The Process of Disc Degeneration

The intervertebral disc is stronger than bone, in its’ healthy state, and is comprised of a great deal of water. The outer ring of the disc is made of a ligament type material, and it surrounds the center of the disc called the nucleus. The nucleus is made of a jelly like fluid that gives it a spongy quality and allows it to absorb stress like a shock absorber. The disc also acts as a spacer for the vertebra above and below giving space to the joints and the nerves. Excessive pressure or injuries to the spine cause the muscles to tighten, and within time, the ligaments shorten, producing stiffness. The discs can no longer absorb the vital fluids that contain the nutrients and oxygen that keep the disc healthy. The outer ring or annulus dries out, becomes brittle and tears. Before a disc can bulge or herniate it goes through this degeneration process and over time the disc becomes thinner.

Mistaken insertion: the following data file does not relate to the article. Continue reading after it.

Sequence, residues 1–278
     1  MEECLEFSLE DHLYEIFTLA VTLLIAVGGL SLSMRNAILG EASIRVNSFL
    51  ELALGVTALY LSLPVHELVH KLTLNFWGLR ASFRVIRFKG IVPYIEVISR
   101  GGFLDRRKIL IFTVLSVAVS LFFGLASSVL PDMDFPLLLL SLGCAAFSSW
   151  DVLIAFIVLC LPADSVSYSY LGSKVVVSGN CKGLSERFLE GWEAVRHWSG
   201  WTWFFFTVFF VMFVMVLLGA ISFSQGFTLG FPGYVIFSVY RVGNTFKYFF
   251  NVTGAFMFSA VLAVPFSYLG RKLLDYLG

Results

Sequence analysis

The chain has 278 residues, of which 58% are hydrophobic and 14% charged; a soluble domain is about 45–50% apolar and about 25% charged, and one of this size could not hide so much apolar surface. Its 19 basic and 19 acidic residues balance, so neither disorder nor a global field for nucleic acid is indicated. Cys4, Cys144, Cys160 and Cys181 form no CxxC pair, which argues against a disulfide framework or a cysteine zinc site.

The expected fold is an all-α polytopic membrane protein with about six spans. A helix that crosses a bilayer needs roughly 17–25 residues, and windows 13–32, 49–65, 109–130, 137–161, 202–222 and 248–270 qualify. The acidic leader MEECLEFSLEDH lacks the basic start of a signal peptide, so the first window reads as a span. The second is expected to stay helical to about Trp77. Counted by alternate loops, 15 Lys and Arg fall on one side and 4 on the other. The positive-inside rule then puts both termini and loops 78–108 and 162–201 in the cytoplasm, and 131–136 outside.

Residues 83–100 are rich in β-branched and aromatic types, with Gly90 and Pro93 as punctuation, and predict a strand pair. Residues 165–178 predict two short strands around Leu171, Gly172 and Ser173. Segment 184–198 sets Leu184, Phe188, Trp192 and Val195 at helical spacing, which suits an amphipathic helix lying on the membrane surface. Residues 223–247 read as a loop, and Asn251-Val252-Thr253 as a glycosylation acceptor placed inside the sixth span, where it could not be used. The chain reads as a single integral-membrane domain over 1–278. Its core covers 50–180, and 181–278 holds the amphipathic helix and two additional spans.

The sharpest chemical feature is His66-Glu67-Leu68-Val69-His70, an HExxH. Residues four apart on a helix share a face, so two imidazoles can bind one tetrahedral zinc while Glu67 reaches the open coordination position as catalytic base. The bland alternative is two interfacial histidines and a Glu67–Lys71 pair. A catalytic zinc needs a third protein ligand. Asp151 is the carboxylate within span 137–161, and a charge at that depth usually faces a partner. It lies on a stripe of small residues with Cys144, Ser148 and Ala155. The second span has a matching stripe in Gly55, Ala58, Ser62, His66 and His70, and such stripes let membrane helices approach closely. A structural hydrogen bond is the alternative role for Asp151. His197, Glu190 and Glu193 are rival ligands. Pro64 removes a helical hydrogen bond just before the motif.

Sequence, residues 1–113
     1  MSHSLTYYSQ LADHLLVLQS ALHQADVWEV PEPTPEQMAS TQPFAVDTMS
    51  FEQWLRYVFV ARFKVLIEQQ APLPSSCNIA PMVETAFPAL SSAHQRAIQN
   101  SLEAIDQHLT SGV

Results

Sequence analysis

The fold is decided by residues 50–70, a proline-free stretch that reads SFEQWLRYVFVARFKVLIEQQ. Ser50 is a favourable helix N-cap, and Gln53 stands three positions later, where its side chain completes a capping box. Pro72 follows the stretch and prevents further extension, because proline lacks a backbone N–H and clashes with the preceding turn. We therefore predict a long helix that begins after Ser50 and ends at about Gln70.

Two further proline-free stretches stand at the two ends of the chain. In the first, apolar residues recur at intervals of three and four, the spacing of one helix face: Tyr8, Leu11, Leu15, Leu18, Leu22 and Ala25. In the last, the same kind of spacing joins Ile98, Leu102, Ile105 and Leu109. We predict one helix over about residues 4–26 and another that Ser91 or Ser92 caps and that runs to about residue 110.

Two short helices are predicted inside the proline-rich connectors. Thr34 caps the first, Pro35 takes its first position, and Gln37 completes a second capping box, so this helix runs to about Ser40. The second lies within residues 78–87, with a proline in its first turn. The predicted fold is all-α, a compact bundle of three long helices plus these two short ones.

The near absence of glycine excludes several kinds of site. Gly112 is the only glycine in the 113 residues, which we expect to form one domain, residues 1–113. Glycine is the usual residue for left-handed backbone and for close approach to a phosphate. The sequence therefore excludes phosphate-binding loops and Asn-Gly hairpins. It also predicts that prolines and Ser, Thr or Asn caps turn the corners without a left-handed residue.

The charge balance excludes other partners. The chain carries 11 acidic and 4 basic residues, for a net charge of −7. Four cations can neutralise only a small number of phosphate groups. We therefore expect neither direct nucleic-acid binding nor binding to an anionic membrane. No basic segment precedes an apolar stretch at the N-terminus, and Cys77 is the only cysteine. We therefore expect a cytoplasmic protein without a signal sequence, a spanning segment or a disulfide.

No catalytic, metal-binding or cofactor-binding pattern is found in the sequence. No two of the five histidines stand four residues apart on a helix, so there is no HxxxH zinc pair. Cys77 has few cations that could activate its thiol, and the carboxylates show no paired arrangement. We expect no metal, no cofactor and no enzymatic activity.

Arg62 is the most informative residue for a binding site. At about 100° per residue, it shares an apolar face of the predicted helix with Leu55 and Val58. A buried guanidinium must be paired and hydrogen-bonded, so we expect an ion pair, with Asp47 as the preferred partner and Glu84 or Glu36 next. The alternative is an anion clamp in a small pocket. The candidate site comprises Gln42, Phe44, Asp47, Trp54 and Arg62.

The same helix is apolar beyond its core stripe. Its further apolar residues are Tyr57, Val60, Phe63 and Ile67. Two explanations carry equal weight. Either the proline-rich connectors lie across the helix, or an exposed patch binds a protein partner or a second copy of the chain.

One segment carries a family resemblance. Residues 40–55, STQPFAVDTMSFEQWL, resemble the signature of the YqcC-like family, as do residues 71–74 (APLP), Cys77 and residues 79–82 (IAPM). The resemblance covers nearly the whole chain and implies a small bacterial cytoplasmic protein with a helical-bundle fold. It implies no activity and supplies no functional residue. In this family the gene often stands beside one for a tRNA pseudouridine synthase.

As the disc become thinner, bone spurs begin to form around the disc space. These can also form around the facet joints. This is thought to be due to the body’s response to try to stop the excess motion at the spinal segment. The bone spurs can become a problem if they start to grow into the spinal canal and press into the spinal cord and spinal nerves. This condition is called spinal stenosis.

In most cases the SpineTREX® program can improve the condition of the disc, and reverse the process, depending on the amount of degeneration. The earlier the degenerative process is treated the more likely a complete and lasting result is obtained.  In advanced Phase 2 degeneration and in Phase 3 degeneration there is little or no disc material to decompress and it is unlikely a positive result can be achieved.

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